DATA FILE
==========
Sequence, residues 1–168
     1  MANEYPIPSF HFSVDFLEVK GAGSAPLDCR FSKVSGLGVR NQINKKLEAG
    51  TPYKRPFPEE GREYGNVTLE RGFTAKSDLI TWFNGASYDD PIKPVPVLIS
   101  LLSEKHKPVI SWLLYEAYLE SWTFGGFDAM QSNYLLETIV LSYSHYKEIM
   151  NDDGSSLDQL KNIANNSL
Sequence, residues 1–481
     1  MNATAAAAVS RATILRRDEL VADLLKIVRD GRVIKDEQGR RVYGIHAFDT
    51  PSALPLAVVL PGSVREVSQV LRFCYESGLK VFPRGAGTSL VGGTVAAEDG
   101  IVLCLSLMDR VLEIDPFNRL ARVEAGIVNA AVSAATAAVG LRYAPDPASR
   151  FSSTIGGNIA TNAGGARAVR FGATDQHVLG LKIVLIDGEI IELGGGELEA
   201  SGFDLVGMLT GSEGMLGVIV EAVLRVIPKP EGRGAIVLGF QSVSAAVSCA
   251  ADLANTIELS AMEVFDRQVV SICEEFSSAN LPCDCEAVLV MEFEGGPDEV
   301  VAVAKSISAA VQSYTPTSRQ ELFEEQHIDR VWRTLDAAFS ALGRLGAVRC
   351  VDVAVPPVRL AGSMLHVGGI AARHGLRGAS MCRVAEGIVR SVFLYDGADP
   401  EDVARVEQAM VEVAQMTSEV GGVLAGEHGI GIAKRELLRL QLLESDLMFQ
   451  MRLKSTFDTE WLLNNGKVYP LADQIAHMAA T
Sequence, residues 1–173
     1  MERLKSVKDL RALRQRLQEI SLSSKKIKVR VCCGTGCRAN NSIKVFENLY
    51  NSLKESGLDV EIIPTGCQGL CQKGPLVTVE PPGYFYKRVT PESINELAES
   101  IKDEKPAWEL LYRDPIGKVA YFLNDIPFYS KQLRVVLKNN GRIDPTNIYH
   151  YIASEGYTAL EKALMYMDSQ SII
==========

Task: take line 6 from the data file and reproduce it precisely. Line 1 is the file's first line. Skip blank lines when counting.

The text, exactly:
Sequence, residues 1–481